I interned at the Truman National Security Project, a nationwide membership of policy experts, veterans, and academics committed to addressing the national security concerns of today. Truman connects over 1,700 members across the country with 16 different chapters, each of which facilitates conversations around and develops concrete solutions to pressing security issues. The organization also aids its members by offering specific messaging and soundbites regarding current political events, trainings on topics from the military to op-ed writing, and an annual conference in D.C. that connects the entire community. Truman is currently working hard to shape the future of issues such as family separation and the Muslim immigration ban.

Class of 2021 First-Year Fellow: Zoe Schwartzman

As a First-Year Fellow, Zoe Schwartzman ’21 interned at the District of Columbia Superior Court under the mentorship of Judge John M. Mott ’81. The following is an excerpt from her final report.

This summer, I worked as a judicial intern at the District of Columbia Superior Court in the Chambers of the Honorable Judge John M. Mott. The DC Superior Court is the trial court for the general jurisdiction of DC and houses many judicial divisions, such as the Civil, Criminal, Domestic Violence, Family Court, Probate, and Tax Divisions. Judge Mott is currently assigned to a Civil II Calendar, on which he handles a variety of civil actions including personal and property torts, vehicle accidents, medical malpractice, and landlord tenant cases.

Class of 2021 First-Year Fellow: Wally Joe Cook

As a First-Year Fellow, Wally Joe Cook ’21 interned at Voice of America under the mentorship of John Lippman ’71. The following is an excerpt from his final report.

This summer, I interned at Voice of America (VOA). VOA provides unbiased news to developing nations with restricted media environments. The organization operates under the VOA Charter, which ensures its nonpartisan status as a “consistently reliable and authoritative source of news.” Voice of America is constantly expanding to reach new marginalized populations and currently broadcasts in 45 languages.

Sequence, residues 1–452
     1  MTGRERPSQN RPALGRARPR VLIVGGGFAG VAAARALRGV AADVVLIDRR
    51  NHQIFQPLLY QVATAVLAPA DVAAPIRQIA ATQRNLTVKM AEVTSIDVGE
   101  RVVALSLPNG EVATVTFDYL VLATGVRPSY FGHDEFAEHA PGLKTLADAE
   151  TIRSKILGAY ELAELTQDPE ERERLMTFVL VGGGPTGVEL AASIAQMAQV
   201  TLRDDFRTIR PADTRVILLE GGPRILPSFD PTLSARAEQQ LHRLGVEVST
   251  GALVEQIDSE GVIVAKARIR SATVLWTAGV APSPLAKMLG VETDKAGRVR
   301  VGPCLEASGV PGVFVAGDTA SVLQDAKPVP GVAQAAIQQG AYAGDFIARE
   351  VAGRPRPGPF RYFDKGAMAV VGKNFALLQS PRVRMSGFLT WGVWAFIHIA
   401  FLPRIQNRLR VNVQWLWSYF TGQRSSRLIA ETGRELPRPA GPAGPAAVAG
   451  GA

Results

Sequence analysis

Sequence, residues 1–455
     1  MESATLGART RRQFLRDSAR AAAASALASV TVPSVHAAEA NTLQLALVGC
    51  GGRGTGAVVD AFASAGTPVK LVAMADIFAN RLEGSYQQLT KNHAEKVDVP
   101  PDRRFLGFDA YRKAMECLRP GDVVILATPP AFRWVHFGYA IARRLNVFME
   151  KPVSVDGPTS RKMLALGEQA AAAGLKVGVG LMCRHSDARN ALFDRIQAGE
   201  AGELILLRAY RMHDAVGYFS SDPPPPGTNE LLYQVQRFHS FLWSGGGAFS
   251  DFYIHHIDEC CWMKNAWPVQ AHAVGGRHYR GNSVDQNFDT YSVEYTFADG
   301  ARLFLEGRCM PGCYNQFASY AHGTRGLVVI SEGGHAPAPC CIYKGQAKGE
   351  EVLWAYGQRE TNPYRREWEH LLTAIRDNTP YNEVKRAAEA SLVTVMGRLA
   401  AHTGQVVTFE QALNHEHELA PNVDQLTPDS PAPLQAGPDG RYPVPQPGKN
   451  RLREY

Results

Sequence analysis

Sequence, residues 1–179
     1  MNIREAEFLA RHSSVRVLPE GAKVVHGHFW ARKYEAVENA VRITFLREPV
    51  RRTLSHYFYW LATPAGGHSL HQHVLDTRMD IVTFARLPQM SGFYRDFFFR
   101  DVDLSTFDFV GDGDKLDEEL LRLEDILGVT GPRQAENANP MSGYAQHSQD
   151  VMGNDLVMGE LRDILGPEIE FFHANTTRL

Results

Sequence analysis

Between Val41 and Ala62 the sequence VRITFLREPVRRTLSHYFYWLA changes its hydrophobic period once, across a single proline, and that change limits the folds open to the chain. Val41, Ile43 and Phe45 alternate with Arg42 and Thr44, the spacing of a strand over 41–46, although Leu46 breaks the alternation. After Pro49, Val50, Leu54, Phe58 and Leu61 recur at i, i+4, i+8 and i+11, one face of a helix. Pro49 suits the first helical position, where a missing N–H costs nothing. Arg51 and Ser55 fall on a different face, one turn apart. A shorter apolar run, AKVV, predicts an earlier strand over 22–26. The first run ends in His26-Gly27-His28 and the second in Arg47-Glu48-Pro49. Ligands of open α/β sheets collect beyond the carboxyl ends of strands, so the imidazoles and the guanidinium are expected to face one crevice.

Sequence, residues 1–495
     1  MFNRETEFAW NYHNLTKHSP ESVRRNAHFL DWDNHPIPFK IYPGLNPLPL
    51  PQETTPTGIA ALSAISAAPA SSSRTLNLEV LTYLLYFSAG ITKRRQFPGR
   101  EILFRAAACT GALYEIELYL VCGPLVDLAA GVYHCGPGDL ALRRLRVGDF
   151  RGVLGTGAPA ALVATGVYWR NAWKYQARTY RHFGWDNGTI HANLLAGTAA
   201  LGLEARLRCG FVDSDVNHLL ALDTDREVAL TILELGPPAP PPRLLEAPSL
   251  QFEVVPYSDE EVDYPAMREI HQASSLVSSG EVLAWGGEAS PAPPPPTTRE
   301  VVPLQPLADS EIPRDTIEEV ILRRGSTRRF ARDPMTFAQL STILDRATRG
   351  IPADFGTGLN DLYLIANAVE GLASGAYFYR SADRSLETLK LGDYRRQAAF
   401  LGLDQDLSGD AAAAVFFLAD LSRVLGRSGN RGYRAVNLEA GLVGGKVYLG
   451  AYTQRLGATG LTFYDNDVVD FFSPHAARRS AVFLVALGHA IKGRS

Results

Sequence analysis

As an intern at Voice of America, I had three main responsibilities. First, I rewrote the fact sheets for the sixteen most strategically important language services.  The fact sheets offer a glimpse into the operations of different language services and are seen by members of Congress and the executive branch.  Additionally, my edits were specifically intended to introduce the next CEO of the Board of Broadcasting Governors to VOA’s language services.  It is expected that President Trump will appoint a new CEO in the near future.

Class of 2021 First-Year Fellow: Valerie Truong

As a First-Year Fellow, Valerie Truong ’21 interned at the Smithsonian Institution under the mentorship of Edward Rynne ’77. The following is an excerpt from her final report.

This summer, I interned at the Smithsonian Organization and Audience Research (SOAR), a central office at the Smithsonian Institution that works with its clients to conduct organization and audience research and analysis. SOAR promotes organizational effectiveness within the Smithsonian and works to improve visitor experiences through relevant social science research approaches.

Class of 2021 First-Year Fellow: Stevie Karol

As a First-Year Fellow, Stevie Karol ’21 interned at the World Resources Institute under the mentorship of Sofia Faruqi ’07. The following is an excerpt from his final report.

This summer, I interned at the the World Resources Institute (WRI). WRI is a research organization that empowers governments, private and public companies, and small businesses to incorporate sustainability practices in their business models. Through various initiatives and programs, WRI focuses on its core sectors of climate, energy, food, forests, water, cities, and ocean to further its global mission.

Pages

Close
The Nelson A. Rockefeller Center for Public Policy and the Social Sciences